The Puritan Value Of Allegory In Arthur Miller's The Crucible

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Can a person with strong Puritan values make mistakes, but still be capable of exhibiting their core values in a good manor? In Arthur Miller’s The Crucible John Proctor makes the regretful mistake of committing adultery. He and Abigail Williams have a romantic history together and his wife, Elizabeth Proctor, is aware of John’s mistakes. As the plot develops, readers see that John still tries to stay true to his puritan beliefs. By the end of the play, John must decide if he should confess to the court to spare his life, or stay silent and be hung. Based on his decisions and actions, readers can see that John Proctor exhibits the puritan values of honesty, love, and altruism. Proctor exhibits the puritan value of honesty when he decides to confess about his affair with Abigail Williams. Proctor decides that confessing his crime of adultery would be the best choice in order to try and …show more content…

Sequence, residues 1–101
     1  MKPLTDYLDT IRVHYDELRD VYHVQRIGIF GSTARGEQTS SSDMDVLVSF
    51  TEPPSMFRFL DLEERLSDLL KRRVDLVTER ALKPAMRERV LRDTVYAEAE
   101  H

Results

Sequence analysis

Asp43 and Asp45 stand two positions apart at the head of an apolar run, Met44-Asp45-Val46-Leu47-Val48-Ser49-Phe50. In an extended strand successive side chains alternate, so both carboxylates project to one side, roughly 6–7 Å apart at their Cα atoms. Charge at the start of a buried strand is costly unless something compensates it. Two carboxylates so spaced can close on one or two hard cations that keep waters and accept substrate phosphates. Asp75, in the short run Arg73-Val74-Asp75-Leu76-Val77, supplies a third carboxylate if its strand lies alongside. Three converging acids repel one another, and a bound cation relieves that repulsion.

Proctor makes a very selfless decision at the end of the play when he decides to die rather than blacken his family’s name. This selfless act was done for the well-being of his children. Proctor wanted to ensure that his children’s futures would be promising. Proctor says, “I can. And there’s your first marvel that I can” (Miller 1357). This is when he says that he can be hung and he will not give in to confessing to witchcraft because he knows that it is not true. When proctor refuses to give a false confession it is a religious stand, and Proctor believes this act will bring him to heaven. He also says, “I have three children—how may I teach them to walk like men in the world, and I sold your friends” (Miller 1356). Proctor realizes that he does not want his name to be hung on the church door because his children will forever have a bad reputation in the village. Proctor demonstrates altruism by deciding to die, rather than ruin the reputation of his family for generations to

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